ST. CROIX – The Virgin Islands Water and Power Authority’s (WAPA) governing board convened on Wednesday to discuss various matters that included purchasing equipment to ensure preparedness to adequately service the community in the event of a storm and its immediate aftermath. One thing missing from the agenda, however, was the effect the Public Services Commission’s (P.S.C.) recent ruling to keep the base rate at its current level would have on the authority and its customers.
Earlier this month, The Consortium reported that the P.S.C., during a special meeting held with WAPA on June 12, denied the authority the requested base rate increase that it said was needed to avoid rolling blackouts. After much back and forth between WAPA and the P.S.C., the commission said the base rate would remain at its current level at least until another meeting, which has been set for July 31.
Board member Noel Loftus, who had said rolling blackouts would be necessary if the PSC did not approve WAPA’s base rate increase request, on Wednesday told The Consortium that power would stay on nonetheless.
“We are not going dark,” he said. Mr. Loftus said a big step will be the Legislature’s approval of providing WAPA with the more than $22 million the authority said it is owed by the territory’s hospitals. And he said while the PSC did not approve WAPA’s request for a rate increase, another meeting on the matter is scheduled for late July.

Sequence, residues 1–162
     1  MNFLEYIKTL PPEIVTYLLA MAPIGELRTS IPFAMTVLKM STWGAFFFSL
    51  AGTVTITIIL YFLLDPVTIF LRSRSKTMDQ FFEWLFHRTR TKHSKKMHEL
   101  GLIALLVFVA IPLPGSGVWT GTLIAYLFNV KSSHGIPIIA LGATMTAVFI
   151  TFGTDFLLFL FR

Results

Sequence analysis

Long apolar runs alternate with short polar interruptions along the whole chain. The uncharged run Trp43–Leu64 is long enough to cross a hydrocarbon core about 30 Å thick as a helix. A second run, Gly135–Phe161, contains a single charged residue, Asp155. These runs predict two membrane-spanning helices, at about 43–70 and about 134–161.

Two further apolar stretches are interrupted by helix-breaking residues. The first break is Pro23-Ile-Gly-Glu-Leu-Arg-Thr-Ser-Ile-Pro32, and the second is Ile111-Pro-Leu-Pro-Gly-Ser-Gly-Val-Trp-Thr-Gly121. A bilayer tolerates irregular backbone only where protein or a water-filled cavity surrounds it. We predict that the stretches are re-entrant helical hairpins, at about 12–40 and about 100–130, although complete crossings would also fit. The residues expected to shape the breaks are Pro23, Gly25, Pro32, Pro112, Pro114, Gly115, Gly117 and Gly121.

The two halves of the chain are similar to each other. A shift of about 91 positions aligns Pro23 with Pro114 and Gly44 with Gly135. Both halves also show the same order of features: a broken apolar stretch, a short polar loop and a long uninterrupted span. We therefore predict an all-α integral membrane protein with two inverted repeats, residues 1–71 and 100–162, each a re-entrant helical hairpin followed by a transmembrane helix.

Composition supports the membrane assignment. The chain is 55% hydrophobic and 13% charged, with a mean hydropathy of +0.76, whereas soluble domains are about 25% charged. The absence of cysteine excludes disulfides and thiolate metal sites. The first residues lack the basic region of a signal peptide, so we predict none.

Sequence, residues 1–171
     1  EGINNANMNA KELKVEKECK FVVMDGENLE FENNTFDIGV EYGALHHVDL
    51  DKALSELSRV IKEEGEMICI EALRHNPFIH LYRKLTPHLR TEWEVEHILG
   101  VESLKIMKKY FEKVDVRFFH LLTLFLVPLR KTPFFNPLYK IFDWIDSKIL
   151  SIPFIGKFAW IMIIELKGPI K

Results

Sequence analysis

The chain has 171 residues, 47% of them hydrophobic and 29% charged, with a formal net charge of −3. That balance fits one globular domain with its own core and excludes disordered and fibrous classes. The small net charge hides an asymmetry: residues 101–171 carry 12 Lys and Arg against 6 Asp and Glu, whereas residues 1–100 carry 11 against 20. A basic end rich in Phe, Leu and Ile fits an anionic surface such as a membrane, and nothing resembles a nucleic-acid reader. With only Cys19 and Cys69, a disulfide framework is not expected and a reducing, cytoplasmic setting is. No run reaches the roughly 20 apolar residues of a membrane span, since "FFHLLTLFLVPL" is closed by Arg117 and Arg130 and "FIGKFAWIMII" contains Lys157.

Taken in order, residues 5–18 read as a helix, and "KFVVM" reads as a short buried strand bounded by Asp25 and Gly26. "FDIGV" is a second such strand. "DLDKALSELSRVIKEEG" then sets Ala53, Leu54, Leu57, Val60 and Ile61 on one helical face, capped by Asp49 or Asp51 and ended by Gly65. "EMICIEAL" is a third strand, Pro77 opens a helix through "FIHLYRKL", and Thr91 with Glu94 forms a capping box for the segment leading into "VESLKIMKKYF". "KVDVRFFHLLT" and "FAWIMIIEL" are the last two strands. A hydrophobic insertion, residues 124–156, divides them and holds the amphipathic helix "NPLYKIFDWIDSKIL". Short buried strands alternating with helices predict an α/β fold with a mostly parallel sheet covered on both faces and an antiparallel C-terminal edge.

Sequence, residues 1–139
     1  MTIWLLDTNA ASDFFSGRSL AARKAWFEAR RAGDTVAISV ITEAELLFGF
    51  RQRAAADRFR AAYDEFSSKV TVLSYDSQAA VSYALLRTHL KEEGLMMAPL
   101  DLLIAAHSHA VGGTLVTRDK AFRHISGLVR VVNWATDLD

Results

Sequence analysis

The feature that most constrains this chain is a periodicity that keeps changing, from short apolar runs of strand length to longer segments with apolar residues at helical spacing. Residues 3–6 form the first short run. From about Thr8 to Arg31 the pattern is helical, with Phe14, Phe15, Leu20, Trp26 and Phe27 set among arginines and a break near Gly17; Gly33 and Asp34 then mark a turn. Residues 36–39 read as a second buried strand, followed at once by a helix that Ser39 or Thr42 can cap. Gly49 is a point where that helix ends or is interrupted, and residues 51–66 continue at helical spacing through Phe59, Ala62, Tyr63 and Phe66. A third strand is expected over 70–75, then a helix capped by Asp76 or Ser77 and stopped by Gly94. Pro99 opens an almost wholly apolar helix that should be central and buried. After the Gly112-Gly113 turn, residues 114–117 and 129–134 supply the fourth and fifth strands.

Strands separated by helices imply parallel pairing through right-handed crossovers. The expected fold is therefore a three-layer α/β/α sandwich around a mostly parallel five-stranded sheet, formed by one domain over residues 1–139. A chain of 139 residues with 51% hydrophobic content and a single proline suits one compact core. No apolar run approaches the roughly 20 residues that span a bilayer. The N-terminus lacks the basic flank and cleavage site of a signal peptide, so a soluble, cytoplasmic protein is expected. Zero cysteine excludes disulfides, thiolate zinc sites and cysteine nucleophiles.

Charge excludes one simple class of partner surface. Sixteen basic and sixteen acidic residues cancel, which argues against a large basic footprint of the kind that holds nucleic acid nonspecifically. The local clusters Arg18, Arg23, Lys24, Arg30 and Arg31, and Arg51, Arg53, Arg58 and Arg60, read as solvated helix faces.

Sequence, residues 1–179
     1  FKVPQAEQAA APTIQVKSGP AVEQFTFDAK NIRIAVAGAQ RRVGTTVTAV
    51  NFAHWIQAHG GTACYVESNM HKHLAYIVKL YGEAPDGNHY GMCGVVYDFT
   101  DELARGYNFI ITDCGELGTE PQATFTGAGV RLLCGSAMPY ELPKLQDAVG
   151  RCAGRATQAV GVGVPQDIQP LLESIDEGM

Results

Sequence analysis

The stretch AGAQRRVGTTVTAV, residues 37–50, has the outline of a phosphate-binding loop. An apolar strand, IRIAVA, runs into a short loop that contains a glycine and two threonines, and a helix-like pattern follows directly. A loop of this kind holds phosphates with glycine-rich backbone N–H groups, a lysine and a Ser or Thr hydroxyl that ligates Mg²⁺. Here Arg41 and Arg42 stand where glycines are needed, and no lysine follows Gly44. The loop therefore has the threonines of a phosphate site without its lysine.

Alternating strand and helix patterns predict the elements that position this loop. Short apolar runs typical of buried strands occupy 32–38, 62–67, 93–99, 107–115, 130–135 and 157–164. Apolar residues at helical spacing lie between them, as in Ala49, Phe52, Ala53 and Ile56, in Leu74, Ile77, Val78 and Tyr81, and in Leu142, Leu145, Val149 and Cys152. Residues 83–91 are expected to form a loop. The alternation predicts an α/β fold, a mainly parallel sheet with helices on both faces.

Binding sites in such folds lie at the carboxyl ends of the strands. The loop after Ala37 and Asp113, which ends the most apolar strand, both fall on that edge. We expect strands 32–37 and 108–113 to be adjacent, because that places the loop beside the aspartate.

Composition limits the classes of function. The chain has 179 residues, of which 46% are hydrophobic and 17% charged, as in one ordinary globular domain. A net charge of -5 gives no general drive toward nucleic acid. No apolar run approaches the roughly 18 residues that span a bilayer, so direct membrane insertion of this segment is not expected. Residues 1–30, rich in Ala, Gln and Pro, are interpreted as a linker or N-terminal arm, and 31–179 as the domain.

WAPA is hoping to receive the funding from Bill No. 33-0072, which appropriates specific sums of money to various government agencies from a $39,467,909 retroactive Medicaid fund paid to the Virgin Islands Medical Assistance Program (M.A.P.) for the territory’s medical facilities.
Mr. Loftus also shared how he expected additional funding could positively impact WAPA and residents, noting the possibility of eventually seeing the base rate drop to 35 cents per kilowatt hour. But WAPA has for years spoken about reducing the LEAC, only to increase it year after year. In fact, the authority spent more than $200 million on its propane project and promised residents a 30 percent decrease in utility bills upon completion. That never happened, and utility rates are headed back to 2007 levels, when WAPA’s high LEAC forced some businesses to shutdown.
Mr. Loftus said the rates would eventually have to increase if it is to sustain its covenants with firms like Wartsila, which it owes $20 million. If not, WAPA would have to use diesel, which Mr. Loftus said would cause rates to climb to 56 cents per kilowatt hour.
Steps to ensure hurricane preparedness was also covered at the meeting. In the aftermath of Hurricanes Irma and Maria in 2017, WAPA experienced water distribution challenges. In an effort to prevent reoccurrence and provide immediate service to customers after a storm, the authority is set to purchase three Caterpillar generators with transfer switch for water distribution pump stations territory-wide. The goal is to maintain the ability to provide reliable water service to customers during emergencies and routine electrical failures.
The board also unanimously approved:
Board members in attendance included Chairwoman Elizabeth Armstrong, Vice Chairman Hubert Turnbull, Secretary Juanita Young, Commissioner Anthony Thomas, Directors Joel Lee and Kyle Fleming, Noel Loftus, Gerald T. Groner, Esq., and Cheryl Boynes Jackson.